We Can't Go On Like This and Keep Telling Ourselves We Are Doing A Good Job!

"Palo Alto's ticking time bomb" -- A Palo Alto Weekly News Story about City Pension Deficits
http://www.paloaltoonline.com/weekly/story.php?story_id=17187
As you read the Palo Alto Weekly Story please ask yourself "Who was on the council prior to 2007 as the Pension and Infrastructure deficits mounted, and what actions did they take to correct it?"

Of course that was a rhetorical question. Some think it is absurd that some of the very same cast of characters that were complicit in creating the deficit now are attempting to "re-brand" themselves as being stewards of a public trust and solvers of the problems that they created.
The implications are clear. We must rebuild a shared community vision that has financial balance as a core objective of all our actions!
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Employee pensions are helping fuel fiscal crisis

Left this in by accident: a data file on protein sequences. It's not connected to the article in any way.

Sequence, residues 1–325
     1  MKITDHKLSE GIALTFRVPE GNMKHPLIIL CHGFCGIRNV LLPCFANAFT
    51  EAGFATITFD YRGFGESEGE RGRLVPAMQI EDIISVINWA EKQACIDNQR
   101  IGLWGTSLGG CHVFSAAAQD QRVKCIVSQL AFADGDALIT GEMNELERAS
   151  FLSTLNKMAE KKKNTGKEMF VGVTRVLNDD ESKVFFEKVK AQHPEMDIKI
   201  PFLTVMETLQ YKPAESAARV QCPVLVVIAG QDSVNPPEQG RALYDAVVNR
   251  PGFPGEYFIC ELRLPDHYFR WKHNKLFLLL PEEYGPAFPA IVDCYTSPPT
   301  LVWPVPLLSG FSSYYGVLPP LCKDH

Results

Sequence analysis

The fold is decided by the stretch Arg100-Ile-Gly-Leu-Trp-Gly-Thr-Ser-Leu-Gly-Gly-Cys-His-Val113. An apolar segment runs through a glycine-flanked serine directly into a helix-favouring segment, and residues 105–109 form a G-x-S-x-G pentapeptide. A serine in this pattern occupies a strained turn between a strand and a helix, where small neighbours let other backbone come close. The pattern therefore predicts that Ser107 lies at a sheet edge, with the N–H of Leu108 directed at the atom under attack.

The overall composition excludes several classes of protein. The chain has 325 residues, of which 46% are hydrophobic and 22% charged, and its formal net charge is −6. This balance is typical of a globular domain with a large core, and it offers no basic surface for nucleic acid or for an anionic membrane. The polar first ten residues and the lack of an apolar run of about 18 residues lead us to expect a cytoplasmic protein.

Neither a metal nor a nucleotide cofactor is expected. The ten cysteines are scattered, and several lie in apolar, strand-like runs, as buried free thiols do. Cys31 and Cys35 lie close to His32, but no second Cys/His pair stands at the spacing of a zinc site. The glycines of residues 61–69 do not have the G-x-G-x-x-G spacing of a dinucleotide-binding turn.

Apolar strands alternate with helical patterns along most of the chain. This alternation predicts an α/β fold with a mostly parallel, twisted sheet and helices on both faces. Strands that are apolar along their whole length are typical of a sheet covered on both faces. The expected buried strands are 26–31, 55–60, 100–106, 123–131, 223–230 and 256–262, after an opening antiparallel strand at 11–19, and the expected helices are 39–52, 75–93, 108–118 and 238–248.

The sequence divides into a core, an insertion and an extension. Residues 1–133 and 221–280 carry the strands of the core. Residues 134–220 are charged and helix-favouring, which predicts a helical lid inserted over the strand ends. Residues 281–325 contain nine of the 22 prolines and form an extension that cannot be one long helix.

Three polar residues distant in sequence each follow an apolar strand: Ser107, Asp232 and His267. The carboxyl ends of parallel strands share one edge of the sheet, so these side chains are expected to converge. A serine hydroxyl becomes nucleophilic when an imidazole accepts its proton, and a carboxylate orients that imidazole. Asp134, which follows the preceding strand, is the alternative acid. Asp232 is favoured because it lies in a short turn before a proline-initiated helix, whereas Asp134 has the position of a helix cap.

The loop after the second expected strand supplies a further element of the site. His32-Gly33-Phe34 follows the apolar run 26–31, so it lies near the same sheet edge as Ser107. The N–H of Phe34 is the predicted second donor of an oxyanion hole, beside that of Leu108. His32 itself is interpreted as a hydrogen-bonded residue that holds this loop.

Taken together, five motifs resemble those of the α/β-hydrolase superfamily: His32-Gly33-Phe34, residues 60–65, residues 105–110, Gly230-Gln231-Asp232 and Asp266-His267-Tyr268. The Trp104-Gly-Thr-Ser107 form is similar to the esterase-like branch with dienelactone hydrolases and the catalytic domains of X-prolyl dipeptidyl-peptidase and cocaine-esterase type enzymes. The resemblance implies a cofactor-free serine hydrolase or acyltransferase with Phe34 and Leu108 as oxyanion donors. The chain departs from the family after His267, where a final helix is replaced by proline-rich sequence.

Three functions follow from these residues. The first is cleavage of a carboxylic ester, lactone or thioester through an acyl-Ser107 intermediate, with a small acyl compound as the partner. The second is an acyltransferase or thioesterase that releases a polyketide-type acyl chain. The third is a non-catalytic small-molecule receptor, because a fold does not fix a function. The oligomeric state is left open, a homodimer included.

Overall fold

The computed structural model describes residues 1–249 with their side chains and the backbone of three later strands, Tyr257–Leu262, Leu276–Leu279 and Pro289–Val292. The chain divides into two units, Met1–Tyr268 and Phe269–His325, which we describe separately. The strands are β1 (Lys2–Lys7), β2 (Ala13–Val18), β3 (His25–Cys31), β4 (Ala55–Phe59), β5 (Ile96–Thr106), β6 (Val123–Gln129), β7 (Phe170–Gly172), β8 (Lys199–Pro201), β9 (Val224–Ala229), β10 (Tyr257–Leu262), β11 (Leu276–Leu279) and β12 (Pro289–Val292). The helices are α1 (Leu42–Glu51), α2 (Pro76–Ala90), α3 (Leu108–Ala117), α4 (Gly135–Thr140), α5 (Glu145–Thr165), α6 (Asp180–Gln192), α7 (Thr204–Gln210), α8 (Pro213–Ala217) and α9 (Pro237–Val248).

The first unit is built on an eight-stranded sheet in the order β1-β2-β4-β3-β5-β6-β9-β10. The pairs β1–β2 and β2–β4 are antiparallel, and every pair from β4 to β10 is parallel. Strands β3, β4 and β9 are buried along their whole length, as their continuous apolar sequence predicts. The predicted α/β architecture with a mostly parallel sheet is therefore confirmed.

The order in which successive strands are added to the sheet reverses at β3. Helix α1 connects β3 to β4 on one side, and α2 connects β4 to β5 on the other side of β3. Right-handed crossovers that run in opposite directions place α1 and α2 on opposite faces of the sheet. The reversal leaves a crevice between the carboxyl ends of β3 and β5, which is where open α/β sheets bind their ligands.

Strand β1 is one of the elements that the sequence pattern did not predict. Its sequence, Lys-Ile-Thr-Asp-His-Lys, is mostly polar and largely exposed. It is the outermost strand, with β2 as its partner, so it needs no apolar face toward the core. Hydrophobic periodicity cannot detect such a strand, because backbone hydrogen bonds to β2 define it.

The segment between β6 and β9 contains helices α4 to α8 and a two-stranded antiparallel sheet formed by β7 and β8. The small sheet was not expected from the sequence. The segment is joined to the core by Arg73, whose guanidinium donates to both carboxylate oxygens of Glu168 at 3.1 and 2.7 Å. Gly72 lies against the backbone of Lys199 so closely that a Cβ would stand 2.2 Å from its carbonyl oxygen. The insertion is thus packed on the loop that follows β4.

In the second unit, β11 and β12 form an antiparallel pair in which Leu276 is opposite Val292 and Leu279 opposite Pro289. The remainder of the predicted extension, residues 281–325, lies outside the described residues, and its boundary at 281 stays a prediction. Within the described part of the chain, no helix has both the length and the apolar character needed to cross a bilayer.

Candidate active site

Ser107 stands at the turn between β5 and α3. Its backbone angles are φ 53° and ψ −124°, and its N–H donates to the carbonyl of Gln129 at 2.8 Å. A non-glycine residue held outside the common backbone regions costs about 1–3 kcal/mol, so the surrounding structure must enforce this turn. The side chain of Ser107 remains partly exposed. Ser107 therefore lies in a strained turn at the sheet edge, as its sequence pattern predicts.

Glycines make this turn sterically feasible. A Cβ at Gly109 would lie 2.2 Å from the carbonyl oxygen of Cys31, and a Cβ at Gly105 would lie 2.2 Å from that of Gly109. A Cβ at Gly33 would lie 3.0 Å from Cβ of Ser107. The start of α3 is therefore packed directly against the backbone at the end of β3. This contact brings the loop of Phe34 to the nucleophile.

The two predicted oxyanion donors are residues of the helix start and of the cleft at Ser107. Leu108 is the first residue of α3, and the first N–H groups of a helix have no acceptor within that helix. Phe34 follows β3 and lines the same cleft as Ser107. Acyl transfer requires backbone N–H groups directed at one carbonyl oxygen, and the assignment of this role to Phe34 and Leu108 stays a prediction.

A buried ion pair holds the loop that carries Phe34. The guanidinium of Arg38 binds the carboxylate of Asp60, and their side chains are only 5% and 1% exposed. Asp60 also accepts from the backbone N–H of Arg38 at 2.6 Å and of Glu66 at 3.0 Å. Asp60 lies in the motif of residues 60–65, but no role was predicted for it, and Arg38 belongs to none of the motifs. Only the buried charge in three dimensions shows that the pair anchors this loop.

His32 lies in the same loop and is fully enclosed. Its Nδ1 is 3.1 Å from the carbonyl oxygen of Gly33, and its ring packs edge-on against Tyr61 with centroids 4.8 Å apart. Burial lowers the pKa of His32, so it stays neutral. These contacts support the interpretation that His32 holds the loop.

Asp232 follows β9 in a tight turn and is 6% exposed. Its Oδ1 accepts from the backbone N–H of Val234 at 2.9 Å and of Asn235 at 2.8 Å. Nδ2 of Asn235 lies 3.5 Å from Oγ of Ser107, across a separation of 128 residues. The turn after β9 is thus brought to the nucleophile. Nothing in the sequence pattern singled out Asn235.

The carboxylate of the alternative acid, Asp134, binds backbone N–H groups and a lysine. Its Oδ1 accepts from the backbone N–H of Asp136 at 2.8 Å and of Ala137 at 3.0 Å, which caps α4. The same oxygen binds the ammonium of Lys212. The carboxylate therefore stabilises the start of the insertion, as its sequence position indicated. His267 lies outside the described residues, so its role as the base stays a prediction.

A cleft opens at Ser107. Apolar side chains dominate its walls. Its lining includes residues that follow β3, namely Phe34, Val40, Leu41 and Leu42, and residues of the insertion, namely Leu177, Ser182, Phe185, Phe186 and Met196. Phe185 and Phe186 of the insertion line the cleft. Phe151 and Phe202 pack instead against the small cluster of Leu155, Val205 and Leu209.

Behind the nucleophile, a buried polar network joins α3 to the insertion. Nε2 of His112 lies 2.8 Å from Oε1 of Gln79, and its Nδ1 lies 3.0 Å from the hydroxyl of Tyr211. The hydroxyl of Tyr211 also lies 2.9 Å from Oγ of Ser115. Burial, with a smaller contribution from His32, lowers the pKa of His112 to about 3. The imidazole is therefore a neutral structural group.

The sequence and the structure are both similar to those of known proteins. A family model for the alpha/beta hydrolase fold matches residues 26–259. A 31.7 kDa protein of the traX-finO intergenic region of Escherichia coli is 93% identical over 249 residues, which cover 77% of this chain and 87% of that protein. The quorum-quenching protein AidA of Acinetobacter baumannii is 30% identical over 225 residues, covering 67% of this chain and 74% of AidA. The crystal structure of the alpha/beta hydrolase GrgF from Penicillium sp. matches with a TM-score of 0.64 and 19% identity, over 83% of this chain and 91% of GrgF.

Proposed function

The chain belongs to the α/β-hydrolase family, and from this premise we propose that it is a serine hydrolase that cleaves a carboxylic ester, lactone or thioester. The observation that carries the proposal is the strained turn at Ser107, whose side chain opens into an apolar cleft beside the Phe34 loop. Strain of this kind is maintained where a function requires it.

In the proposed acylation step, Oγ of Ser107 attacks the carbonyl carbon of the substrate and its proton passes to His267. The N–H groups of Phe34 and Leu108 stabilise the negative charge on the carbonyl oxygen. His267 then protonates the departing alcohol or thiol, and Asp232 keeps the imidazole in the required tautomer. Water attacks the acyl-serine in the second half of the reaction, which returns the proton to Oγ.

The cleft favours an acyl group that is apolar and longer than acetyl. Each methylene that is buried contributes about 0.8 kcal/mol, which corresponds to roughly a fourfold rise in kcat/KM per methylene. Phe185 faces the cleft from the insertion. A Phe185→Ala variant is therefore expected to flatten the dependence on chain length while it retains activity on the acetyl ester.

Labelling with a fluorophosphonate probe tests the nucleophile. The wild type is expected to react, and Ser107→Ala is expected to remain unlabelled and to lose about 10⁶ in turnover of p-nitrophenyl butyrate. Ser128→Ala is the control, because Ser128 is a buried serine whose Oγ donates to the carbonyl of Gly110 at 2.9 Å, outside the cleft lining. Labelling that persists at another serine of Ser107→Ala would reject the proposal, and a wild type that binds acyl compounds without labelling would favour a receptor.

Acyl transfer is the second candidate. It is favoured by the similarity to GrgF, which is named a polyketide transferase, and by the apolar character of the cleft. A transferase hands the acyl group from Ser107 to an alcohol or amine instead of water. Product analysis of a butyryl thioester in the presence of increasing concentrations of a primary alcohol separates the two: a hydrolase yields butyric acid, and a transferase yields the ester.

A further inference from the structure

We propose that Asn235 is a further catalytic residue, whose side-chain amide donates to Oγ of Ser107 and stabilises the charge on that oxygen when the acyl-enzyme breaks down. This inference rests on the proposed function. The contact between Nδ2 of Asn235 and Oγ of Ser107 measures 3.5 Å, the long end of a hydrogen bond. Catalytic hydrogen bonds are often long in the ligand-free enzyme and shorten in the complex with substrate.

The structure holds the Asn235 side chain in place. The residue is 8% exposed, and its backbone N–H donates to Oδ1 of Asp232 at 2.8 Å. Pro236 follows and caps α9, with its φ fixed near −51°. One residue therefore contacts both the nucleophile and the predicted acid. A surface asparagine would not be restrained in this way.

by Gennady Sheyner

In 2007, the year Warren Buffett famously described public pensions as a time bomb with a long fuse, Palo Alto officials decided to add a little gunpowder to the city's benefits package.

The economy was booming, real-estate prices were surging and the council decided that the time was ripe to improve the pension benefit for employees represented by the Service Employees International Union (SEIU), about half the city's workforce. The rapidly rising cost of health care was of greater concern to city officials, who sought to switch the SEIU workers to a less generous health care plan. In exchange, the city offered to bump up the union's pension formula from "2 percent at 55" (that is, 2 percent of the employee's highest salary multiplied by the number of years worked before retirement at 55) to "2.7 percent at 55."

But Buffett's aphorism notwithstanding, the fuse on Palo Alto's time bomb wasn't particularly long. In 2008, as the stock market began to plummet and real-estate investments started to tank, city leaders realized that the city's generous pension packages — a lasting legacy of the pre-recession era — could not be sustained. The following year, they launched the period of unraveling that continues to this day and that is set to take center stage in the coming months, as the city tries to formulate a broader strategy for containing out-of-control benefit expenditures.

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